Corrosive Krag


I just took this round 30-40 Krag (RA 17) from a box of loose military rounds I have had for years. It was sitting on top of the lot with a large fresh liquid puddle of corossion. Figure it would have been dried and done by now but somehow is still actively corroding.



When I was still collecting US Infantry rifles and the web gear that went with them, I bought a Bandoleer of these to fill up a good portion of a Krag 100-round belt I had, for display. I decided it was not a good idea to display the belt with live ammunition in it, so the ammo sat for a couple of years in my house. When I looked at the ammo, so much of it was similar to what you picture that I used the ammunition disposal service at one of the local clubs I belong to so that it would be destroyed. Even the bandoleer itself was ruined.

“Blue Ooze” can be a real problem, everybit as bad as the internal corrosion with German 7.9 steel cases.


Seems to be a regular thing with that round…

Powder was tacky and had that sour odor of things going bad.



Wecome to the club, and just hope it don’t happen to that Krag round that’s worth 2 or 3 hundred bucks.


Two things have happened here.

  1. Age cracking of the neck…due to the fact that the US did not neck anneal brass until the mid 1920s…the Forming of the neck and shoulder was not followed by the typical anneal which colours the neck and shoulder as seen on much military ammo from the 1930s onwards.

  2. Moisture from the atmosphere as well as moisture produced by the deterioration of the Powder ( along with Nitric acid formed by the breakdown of Nitrocellulose, ) has caused the blue-green Nitrate/Oxide corrosion of the brass, from the inside out. An analysis of the “ooze” will show all these components ( a good High School Science Lab experiment). The Bullet base (lead) will also be corroded into White Lead Oxide and Nitrate ( coloured by the Copper compounds)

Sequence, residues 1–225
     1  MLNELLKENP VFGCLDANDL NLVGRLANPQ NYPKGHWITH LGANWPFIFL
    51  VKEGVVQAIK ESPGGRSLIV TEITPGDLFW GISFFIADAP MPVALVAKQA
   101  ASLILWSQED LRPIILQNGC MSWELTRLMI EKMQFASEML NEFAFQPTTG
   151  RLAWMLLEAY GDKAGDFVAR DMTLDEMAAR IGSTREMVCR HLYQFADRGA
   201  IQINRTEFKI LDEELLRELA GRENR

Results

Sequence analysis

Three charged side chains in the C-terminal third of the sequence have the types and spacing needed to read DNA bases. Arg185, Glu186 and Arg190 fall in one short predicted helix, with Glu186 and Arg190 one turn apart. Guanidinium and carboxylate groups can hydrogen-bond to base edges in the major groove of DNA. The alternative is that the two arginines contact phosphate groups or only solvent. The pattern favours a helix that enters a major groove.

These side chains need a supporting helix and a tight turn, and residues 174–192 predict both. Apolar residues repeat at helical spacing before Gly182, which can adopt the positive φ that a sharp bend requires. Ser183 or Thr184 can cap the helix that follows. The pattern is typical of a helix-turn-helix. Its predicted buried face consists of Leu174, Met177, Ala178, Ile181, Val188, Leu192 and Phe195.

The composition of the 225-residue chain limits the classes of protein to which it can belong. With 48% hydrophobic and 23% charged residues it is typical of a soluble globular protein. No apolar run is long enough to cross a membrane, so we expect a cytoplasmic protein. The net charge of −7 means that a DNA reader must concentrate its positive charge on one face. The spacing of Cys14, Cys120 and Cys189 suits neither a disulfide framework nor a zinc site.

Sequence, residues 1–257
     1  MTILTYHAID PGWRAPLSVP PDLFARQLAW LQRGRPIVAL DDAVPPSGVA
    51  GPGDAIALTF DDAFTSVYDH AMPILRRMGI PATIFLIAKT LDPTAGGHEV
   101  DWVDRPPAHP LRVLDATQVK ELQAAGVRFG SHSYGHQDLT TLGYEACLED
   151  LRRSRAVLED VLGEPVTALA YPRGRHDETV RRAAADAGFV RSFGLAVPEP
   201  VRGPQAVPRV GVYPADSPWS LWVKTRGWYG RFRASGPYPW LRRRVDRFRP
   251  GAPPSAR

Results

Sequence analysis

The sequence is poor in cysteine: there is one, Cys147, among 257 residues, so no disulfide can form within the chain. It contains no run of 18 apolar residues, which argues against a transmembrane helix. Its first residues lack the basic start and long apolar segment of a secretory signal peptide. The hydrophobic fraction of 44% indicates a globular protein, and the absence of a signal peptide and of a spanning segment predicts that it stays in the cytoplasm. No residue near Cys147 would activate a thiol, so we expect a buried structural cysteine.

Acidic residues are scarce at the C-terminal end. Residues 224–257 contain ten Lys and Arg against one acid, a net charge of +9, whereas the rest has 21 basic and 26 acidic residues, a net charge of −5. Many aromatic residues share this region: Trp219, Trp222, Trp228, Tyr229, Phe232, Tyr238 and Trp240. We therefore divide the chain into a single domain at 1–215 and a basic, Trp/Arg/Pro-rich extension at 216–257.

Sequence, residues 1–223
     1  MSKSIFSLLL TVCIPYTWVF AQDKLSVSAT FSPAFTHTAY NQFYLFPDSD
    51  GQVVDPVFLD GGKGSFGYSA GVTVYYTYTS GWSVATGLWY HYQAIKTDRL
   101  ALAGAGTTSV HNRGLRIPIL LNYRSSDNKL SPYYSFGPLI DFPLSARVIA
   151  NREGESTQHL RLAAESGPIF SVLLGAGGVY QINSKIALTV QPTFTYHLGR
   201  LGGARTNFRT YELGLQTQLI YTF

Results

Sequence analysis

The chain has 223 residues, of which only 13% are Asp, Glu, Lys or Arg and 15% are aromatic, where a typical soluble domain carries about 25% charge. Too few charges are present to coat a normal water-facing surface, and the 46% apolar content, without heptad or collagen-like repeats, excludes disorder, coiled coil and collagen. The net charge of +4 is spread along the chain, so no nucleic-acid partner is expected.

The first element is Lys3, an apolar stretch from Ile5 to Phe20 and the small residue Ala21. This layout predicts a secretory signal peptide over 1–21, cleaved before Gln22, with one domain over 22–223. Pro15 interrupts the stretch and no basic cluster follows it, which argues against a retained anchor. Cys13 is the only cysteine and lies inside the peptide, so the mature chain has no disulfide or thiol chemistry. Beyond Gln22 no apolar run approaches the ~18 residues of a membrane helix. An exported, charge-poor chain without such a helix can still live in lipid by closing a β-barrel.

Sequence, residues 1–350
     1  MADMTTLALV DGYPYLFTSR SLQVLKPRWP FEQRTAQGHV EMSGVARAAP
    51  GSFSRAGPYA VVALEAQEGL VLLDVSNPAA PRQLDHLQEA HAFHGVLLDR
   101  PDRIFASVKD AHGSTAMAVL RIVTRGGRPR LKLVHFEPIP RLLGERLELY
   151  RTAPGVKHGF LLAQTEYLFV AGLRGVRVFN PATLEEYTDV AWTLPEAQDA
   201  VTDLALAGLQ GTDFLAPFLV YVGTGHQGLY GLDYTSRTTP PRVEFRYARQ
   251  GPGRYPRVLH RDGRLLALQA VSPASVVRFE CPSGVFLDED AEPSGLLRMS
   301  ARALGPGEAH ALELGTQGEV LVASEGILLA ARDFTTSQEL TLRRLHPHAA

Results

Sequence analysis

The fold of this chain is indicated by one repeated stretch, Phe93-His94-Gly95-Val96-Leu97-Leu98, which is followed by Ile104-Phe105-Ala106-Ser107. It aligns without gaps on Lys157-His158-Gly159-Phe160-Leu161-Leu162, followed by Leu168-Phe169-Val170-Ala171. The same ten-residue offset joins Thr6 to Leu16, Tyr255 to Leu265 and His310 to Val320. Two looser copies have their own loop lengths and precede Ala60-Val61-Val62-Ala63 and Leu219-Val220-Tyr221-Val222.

The only solution ( no pun intended) is to pull the bullet, dump the powder, wash the case out with warm vinegar followed by hot water, dry, and re-assemble.

Sadly, all or nearly all of our precious cartridges from before WW II, ( and some after) will suffer from this “Green Cancer” sooner or later.

Doc AV
AV Ballistics.
Brisbane Australia


What is shown is fairly typical with Krag cartridges loaded in the teens and up through the 1920’s. (The WW1 contract rounds and most of the Sub-caliber rounds). These are loaded with the powders of the day, the early IMR’s and so forth, and I think this is where the problem arises. These powders in many cases were not made properly and, as has been stated, break down with time. However, Krag cartridges made in the 1890’s up through 1909 seem to exibit no problems like this, even though many have the typical cracked neck…These were loaded with many powders, including DuPont, Peyton, W-A 30 Cal, Laflin & Rand and others…



Doc AV,

Good info and thank you for sharing.


Do you as a rule pull and dump the Krags from the problem years without signs of breakdown or do you wait until it’s obviously needed?

Has anyone compiled a checklist of the collectibles that tend to “go green” and need extra attention?



Are there differences in the primers used in the “likely to go bad” Krag years compared to the “relatively stable” period?


John: The earliest Krag cartridges were loaded with mercuric-type primers I think, but the H48 potassium chlorate-based primer came in about the time of the Spanish American War. It was, in turn replaced in 1917 (maybe) by the FA70, also a chlorate type, which was used until corrosive priming was dropped after WW2. I agree with Randy that the older Krag cartridges seem to be holding up better than the later ones, but I think the problem lies more in the propellants used post-1910 than in the primers. I once had a small collection of powder samples from military rifle cartridges I kept in glass cigar containers (each container being cigar-shaped and sealed with a plastic stopper) and after a couple of decades noticed that the only sample which went bad–producing a dark red stain on the glass–was an IMR-type propellant from some WW.2 vintage .30-06 cartridge. This wont make the cut for a scientific test but it did catch my eye. Jack


Before the H48 primer, which came along about 1900?..There was the G36…I have no idea of the mixture used without further research. I stated earlier, and Jack re-iterated, that the problem seems to rest with the powder, not the primers.

Dave E…I have not pulled down any Krag cartridges that are still in “good shape”, as those that I have found without corrosion seem to remain that way, (hopefully !!), and most that I find that are corroded, like alot of the sub-caliber rounds, are beyond repair when I find them…